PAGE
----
Once a transaction is entered in the database and the accounts are updated, the records cannot be altered, because they’re linked to every transaction record that came before them (hence the term “chain”). Various computational algorithms and approaches are deployed to ensure that the recording on the database is permanent, chronologically ordered, and available to all others on the network.

5. Computational Logic

The digital nature of the ledger means that blockchain transactions can be tied to computational logic and in essence programmed. So users can set up algorithms and rules that automatically trigger transactions between nodes.

Today humans manually attempt to reconcile medical data among clinics, hospitals, labs, pharmacies, and insurance companies. It does not work well because there is no single list of all the places data can be found or the order in which it was entered. We may know every medication ever prescribed, but it can be unclear which medications the patient is actually taking now. Further, although data standards are better than ever, each electronic health record (EHR) stores data using different workflows, so it is not obvious who recorded what, and when.

Imagine that every EHR sent updates about medications, problems, and allergy lists to an open-source, community-wide trusted ledger, so additions and subtractions to the medical record were well understood and auditable across organizations. Instead of just displaying data from a single database, the EHR could display data from every database referenced in the ledger. The end result would be perfectly reconciled community-wide information about you, with guaranteed integrity from the point of data generation to the point of use, without manual human intervention.

My colleagues at the MIT Media Lab and Beth Israel Deaconess Medical Center tested this concept with medications, proving the viability of such an approach. In our white paper, “A Case Study for Blockchain in Healthcare,” we proposed a novel, decentralized record management system to handle EHRs using blockchain technology, which we called MedRec.

MedRec doesn’t store health records or require a change in practice. It stores a signature of the record on a blockchain and notifies the patient, who is ultimately in control of where that record can travel. The signature assures that an unaltered copy of the record is obtained. It also shifts the locus of control from the institution to the patient, and in return both burdens and enables the patient to take charge of management. For those patients who do not want to manage their data, I imagine that service organizations will evolve to serve as patient delegates for this task. One challenge of the project and the idea is building an interface that can make this responsibility palatable for patients. Most of the individual patient portals that people use today have cumbersome designs, create more work, and have different user interfaces at every institution. A deployed MedRec system would feature a user interface to simplify patient interaction with health care records that bridge multiple institutions.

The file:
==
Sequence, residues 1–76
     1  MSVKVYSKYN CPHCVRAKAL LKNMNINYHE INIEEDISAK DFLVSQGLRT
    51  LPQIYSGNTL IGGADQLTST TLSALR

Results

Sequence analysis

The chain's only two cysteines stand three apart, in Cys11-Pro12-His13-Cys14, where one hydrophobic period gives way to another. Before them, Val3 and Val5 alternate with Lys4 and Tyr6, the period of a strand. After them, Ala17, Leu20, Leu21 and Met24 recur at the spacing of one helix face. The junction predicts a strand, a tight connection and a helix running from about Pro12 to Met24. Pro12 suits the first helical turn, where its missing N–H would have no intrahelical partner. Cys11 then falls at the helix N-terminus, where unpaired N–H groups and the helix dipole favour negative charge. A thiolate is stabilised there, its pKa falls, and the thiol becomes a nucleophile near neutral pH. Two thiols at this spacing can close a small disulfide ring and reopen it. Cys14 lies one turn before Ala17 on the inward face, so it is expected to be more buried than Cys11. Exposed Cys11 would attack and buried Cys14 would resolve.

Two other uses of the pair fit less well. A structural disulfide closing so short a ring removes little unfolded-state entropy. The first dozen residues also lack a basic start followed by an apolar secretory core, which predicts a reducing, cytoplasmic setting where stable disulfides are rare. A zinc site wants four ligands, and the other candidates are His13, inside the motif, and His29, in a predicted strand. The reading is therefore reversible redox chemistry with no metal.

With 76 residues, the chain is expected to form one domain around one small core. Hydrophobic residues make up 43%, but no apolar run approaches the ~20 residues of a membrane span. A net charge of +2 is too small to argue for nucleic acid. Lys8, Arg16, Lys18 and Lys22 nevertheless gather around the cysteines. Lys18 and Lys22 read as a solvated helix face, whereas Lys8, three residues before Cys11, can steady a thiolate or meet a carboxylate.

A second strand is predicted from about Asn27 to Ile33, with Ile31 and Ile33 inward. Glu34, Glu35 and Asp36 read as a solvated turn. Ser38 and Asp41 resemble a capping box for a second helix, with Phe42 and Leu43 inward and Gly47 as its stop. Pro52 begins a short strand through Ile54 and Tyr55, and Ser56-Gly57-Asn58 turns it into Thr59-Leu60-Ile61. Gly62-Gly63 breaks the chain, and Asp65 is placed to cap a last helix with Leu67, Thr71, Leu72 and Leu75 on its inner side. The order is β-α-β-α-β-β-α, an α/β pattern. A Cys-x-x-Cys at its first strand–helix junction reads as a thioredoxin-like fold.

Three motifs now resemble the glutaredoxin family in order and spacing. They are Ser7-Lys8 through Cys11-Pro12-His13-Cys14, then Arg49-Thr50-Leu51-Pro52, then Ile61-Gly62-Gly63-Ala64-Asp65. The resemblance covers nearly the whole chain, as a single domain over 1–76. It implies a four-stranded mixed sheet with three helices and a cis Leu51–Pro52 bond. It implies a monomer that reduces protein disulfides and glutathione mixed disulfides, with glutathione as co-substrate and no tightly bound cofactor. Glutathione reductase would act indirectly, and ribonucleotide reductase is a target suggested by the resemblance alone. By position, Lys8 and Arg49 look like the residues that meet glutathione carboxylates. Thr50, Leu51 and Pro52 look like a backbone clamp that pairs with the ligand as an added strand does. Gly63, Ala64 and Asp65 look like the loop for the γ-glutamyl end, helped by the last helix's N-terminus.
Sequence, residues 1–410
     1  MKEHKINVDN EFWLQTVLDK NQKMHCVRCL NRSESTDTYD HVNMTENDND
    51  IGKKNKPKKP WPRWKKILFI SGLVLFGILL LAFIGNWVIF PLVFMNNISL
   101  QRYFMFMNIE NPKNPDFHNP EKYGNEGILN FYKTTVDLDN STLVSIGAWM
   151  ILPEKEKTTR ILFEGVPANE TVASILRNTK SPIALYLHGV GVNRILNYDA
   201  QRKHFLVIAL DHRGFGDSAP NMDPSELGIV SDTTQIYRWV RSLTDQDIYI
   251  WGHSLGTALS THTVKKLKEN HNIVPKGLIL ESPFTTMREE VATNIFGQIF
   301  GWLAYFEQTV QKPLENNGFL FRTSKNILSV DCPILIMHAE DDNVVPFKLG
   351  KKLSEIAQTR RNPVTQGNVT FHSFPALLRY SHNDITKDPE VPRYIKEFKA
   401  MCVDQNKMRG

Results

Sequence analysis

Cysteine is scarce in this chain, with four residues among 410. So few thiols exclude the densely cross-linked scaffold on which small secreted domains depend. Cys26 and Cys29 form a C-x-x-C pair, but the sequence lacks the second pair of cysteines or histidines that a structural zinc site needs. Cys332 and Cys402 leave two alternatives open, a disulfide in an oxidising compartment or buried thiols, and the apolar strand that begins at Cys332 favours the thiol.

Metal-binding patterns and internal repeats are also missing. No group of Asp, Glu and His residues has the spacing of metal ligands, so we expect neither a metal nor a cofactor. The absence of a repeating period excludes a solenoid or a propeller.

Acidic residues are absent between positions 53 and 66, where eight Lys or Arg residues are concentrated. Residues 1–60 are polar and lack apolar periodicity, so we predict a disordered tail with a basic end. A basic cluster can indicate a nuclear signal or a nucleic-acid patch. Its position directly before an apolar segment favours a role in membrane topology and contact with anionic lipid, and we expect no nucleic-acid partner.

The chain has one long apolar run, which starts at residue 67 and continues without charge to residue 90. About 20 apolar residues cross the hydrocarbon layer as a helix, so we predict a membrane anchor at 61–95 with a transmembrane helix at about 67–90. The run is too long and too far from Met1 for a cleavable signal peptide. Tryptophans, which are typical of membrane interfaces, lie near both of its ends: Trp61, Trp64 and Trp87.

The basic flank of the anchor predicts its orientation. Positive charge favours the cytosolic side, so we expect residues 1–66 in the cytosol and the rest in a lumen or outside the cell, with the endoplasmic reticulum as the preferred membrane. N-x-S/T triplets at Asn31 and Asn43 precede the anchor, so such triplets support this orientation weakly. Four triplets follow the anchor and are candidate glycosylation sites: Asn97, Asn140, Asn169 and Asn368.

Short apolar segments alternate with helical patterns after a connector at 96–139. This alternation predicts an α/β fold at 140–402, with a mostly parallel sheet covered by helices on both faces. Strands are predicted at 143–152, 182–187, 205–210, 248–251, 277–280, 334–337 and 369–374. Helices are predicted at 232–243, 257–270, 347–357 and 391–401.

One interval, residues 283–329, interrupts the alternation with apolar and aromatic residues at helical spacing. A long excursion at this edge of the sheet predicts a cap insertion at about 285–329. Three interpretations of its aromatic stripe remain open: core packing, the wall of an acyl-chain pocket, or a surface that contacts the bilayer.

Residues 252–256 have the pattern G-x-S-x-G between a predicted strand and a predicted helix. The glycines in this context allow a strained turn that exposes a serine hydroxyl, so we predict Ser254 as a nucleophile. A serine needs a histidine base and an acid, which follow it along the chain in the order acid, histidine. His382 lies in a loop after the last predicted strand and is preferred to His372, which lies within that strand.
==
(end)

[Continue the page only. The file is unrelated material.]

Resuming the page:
As our next step, we plan to enhance the MedRec pilot with more data types, more data contributors, and more data users. We’ll also consider innovative alternatives to existing blockchain implementations, such as Silvio Micali’s Algorand public ledger, which requires much less computing power than other approaches.

The rationale for considering a blockchain in electronic health care records is twofold. First, it avoids adding another organization between the patient and the records. It is not a new clearing house or “safe deposit box” for data. The blockchain implies a decentralized control mechanism in which all have an interest, but no one exclusively owns it. This is an architectural change that generalizes past medical records. Second, it adds due consideration to a time-stamped, programmable ledger. That opens the door for intelligent control of record access without having to create custom functionality for each EHR vendor. The ledger also inherently includes an audit trail.

One outcome we can all hope for is that blockchain continues to be developed at a disinterested, nonprofit university so that the idea can mature before it’s optimized for commercial purposes. Blockchain for health care is very early in its lifecycle, but it has the potential to standardize secure data exchange in a less burdensome way than previous approaches.

John D. Halamka, MD
John D. Halamka, MD, is CIO at Beth Israel Deaconess Medical Center.

Andrew Lippman
Andrew Lippman is a senior research scientist at the MIT Media Lab.

Ariel Ekblaw
Ariel Ekblaw is a graduate student at the MIT Media Lab.